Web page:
For whatever reason when the topic of metrics comes up on monthly basis, some IT Teams get “nervous” about what they might see as a result.
Why, you might ask?
The reasons could be as varied as the aplications we support. For some it may be that they are concerned that they aren't doing as well as their IT counterparts, for others it might be that our incident durations are not going down. whatever teh reason may be the fact remains you business already knows how well you are doing. Hopefully your organization is in a position to take these metrics improve on the delivery of service.
For me, I have always believed that there is no “bad” numbers as long as we are able to use them to make an improvement in some way. Reporting should open up our options for what needs to be improved.
Take, for example, the increased numbers of incidents or requests with no understanding on what is driving this increase. As you look closely into the potential driver know this, there is always something driving them. We might not be able to see it and it may not always be something critical. If you were to ask the teams which are impacted by the influx they may have some theories, and while in many cases their gut response may be accurate, we need to quantify the drivers for this to be able to tackle things appropriately.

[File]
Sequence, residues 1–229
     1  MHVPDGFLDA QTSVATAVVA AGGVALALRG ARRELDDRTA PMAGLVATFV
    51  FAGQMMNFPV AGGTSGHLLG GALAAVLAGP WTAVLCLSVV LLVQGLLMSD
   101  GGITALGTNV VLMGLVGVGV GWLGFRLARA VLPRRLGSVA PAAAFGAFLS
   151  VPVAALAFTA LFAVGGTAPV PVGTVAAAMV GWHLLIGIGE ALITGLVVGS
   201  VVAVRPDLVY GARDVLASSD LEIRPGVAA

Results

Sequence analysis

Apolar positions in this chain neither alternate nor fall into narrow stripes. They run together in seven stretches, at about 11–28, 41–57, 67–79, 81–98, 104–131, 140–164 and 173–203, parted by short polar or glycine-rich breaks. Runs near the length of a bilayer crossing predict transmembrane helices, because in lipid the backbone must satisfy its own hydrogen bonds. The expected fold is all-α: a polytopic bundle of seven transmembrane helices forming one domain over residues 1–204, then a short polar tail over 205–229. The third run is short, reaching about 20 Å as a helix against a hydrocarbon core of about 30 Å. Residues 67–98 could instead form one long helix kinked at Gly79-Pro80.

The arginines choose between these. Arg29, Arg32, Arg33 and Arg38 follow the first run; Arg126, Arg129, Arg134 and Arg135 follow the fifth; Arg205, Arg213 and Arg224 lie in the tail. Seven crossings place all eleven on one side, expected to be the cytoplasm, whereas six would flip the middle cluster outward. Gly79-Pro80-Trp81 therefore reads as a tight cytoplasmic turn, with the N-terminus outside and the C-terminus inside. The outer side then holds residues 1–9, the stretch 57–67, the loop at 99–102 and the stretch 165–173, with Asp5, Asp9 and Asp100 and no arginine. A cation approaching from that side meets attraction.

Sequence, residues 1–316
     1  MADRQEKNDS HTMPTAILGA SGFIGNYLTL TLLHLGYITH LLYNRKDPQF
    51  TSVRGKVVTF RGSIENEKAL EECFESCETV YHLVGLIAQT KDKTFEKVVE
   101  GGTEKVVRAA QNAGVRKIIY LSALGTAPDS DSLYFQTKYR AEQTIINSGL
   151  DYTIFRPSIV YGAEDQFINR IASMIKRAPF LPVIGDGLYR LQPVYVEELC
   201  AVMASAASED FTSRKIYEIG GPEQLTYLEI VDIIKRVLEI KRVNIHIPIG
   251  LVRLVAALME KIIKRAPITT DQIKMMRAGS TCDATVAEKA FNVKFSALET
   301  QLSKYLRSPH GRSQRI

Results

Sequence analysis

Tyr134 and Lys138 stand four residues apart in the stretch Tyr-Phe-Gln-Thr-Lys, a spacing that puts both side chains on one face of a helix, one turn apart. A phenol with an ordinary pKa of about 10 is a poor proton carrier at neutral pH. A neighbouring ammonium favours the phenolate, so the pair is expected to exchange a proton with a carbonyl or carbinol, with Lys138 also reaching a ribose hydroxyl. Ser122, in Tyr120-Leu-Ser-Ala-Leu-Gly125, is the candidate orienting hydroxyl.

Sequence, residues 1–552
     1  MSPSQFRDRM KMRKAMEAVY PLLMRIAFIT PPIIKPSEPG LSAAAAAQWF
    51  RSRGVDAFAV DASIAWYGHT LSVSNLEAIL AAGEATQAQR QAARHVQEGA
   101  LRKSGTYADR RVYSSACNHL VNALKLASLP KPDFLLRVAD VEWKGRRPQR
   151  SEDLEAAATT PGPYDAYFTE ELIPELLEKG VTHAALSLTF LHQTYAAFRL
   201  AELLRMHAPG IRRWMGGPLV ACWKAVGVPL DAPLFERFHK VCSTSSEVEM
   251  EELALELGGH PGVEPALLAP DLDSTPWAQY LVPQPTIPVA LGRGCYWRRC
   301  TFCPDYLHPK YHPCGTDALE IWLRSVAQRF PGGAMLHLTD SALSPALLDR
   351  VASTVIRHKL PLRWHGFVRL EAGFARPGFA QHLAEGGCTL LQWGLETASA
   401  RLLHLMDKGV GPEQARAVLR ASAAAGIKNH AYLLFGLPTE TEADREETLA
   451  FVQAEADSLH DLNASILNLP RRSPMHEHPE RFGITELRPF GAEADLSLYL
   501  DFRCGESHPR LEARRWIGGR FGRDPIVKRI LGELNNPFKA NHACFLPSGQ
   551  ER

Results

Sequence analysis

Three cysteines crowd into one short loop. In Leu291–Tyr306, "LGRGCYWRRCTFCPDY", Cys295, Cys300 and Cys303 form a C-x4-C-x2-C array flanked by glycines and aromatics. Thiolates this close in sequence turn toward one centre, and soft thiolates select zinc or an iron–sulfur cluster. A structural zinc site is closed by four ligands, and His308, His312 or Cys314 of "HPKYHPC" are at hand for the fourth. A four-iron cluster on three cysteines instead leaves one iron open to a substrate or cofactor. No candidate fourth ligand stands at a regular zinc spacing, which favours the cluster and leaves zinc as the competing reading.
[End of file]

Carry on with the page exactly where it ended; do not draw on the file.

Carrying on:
Take the story of the frog in the pot of water. If you were to drop a frog in a pot of boiling water it will jump right out. However if you put it in warm water and slowly turn up the heat it will sit in there, possibly until it boils. This may apply to the way that you record and ultimately report on your incidents. You may only have a few of these now but when you look back after repeated business escalations you are shocked as how you didn’t put this all together while it was happening. This is where Problem Management pays in dividends.
The key is that with any improvement initiative is to have some quantifiable information to go back to. It really wont matter if you have a formalized problem investigation or not if you cant prove out what you are looking at. this is why we say that to make any real improvements you cant do it only in one process. in this case we need to manage our reporting and document it somewhere, perhaps in a knowledge base.
this discussion started out talking about the reduction of incidents and now it sounds like we need to improve in many areas just to make some improvements. it sounds daunting but we need to take a step back and identify what we want to do and keep it simple and iterative. We need to start somewhere and that somewhere is today. We might stumble a bit, but you have to walk before you can use the “Turbo Boost”.
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Labels: Continual Service Improvement, ITIL, ITSM, Service Management